Paul drags his friends to the party. There, it’s revealed that Dick Leitsch is still alive. He’s in his eighties and has the same sharp wit as Paul. The two of them hit it off immediately. Dick talks about his activism with charming humility and raunchy jokes. Dick relishes having someone to share his life’s story with. And Paul loves learning about gay life in the sixties.
When Dick first showed up to the Mattachine Society, the leaders say it’s better to have society think homosexuals are mentally ill than to think they’re criminals. Dick calls out this thinking. He says being gay is not only acceptable, it’s good. The message is well-received, and Dick becomes president. Dick transforms the Mattachine Society into one of the country’s first activist groups. Under his leadership, he outlawed police entrapment policies in New York City and made it legal to serve homosexuals alcohol. But by the time the Stonewall Riots happened, a younger, more radical generation took over and wrote the history we now know.
In the present day, Dick learns he has terminal cancer. When Dick passes away in a hospice, the lessons Dick has been teaching Paul all along finally sink it: make an effort to maintain friendships, because chosen family is all queer people have. It’s an incredibly powerful moment as a torch is passed between generations. At Dick’s funeral, Paul gives a speech filled with profanity and vulgarity, which causes an uproar — exactly how Dick would have wanted it.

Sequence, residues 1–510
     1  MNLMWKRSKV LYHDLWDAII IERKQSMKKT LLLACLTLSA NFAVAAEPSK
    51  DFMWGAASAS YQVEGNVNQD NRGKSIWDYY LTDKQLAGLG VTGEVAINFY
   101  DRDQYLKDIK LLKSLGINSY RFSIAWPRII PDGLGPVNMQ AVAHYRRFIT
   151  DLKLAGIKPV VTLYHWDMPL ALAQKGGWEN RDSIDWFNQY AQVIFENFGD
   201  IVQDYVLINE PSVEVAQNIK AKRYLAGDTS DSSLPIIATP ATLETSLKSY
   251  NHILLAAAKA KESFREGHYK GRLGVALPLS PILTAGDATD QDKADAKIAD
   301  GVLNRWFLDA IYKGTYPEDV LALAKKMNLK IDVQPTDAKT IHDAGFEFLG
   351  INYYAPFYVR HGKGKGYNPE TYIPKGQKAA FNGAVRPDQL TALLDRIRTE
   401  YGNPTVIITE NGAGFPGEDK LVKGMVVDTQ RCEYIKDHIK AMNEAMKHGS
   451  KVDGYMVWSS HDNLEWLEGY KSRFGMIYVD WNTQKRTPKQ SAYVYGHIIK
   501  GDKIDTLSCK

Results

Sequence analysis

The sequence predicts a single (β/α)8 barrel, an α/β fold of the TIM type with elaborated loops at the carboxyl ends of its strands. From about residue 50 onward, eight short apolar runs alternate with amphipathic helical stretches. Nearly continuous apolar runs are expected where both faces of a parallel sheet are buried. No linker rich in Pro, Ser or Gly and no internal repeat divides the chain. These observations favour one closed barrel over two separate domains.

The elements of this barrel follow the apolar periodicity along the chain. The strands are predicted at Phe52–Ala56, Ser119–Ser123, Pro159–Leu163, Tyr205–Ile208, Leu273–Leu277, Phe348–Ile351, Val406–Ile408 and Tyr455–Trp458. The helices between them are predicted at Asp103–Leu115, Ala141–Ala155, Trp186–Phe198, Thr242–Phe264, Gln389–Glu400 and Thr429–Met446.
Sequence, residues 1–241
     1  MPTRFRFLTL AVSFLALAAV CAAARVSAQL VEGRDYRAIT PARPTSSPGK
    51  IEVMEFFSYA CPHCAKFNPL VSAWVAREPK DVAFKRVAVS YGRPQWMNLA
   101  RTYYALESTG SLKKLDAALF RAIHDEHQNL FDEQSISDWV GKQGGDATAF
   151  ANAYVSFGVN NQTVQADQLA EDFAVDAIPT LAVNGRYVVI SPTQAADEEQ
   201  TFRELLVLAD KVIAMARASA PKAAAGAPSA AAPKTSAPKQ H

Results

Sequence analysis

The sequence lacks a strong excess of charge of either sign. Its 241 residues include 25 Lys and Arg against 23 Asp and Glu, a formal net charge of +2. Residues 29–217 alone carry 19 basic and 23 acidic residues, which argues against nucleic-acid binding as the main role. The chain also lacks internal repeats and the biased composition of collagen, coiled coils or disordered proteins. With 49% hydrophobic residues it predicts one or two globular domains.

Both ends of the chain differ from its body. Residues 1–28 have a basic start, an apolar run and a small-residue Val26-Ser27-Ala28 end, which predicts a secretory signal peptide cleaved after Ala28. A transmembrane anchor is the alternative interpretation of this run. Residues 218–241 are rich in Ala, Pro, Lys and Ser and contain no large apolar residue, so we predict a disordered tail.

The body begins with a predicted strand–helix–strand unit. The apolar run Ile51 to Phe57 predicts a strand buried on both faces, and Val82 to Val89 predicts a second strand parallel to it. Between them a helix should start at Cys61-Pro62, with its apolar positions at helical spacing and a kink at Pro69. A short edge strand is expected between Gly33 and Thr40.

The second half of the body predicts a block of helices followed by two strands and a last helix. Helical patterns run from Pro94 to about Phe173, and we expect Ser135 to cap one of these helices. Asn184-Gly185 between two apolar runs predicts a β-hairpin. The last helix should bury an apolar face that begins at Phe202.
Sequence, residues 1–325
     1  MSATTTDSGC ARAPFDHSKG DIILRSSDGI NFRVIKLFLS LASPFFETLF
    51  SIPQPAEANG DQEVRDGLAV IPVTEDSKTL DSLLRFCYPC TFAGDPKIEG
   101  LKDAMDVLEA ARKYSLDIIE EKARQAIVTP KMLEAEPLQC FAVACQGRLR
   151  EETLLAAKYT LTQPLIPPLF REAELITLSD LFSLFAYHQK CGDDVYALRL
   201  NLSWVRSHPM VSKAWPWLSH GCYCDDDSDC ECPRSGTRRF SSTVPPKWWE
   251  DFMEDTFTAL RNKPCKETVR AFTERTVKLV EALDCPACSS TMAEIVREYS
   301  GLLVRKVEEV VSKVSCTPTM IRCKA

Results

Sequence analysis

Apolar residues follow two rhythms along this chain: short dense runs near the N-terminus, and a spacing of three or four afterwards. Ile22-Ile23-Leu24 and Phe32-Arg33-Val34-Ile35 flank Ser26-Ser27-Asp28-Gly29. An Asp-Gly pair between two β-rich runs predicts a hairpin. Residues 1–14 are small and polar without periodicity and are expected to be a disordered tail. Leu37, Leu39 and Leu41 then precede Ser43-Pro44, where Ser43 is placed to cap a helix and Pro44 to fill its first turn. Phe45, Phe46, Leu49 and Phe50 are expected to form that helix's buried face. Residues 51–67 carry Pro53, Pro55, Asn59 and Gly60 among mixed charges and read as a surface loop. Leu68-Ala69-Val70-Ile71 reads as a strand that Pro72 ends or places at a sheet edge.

I’m obsessed with queer history. Four years ago I worked on a campaign to landmark historic LGBTQ sites in New York City. I directed a series of short documentaries called PROTECT OUR PRIDE in coordination with the Greenwich Village Society for Historic Preservation. They were campaigning to get the Stonewall Inn and other sites protected and preserved by designating them landmarks. While it might sound a little dry, it was a thrilling experience. Stonewall is now on the national registry thanks to their efforts! I also got to meet an animated cohort of queer historians who changed the way I look at the city around me.